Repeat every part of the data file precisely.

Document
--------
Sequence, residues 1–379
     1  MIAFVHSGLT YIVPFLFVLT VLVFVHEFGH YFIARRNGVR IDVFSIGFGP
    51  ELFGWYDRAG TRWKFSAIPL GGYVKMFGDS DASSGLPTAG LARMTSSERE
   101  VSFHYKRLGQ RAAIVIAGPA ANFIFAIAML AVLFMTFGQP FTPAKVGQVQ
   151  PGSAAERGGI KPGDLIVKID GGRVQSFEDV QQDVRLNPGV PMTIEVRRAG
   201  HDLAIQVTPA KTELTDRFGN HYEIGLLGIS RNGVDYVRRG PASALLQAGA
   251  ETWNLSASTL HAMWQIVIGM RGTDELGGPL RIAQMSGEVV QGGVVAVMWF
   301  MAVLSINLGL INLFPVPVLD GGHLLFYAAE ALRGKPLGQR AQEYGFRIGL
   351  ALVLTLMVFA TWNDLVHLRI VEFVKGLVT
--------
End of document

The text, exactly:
Sequence, residues 1–379
     1  MIAFVHSGLT YIVPFLFVLT VLVFVHEFGH YFIARRNGVR IDVFSIGFGP
    51  ELFGWYDRAG TRWKFSAIPL GGYVKMFGDS DASSGLPTAG LARMTSSERE
   101  VSFHYKRLGQ RAAIVIAGPA ANFIFAIAML AVLFMTFGQP FTPAKVGQVQ
   151  PGSAAERGGI KPGDLIVKID GGRVQSFEDV QQDVRLNPGV PMTIEVRRAG
   201  HDLAIQVTPA KTELTDRFGN HYEIGLLGIS RNGVDYVRRG PASALLQAGA
   251  ETWNLSASTL HAMWQIVIGM RGTDELGGPL RIAQMSGEVV QGGVVAVMWF
   301  MAVLSINLGL INLFPVPVLD GGHLLFYAAE ALRGKPLGQR AQEYGFRIGL
   351  ALVLTLMVFA TWNDLVHLRI VEFVKGLVT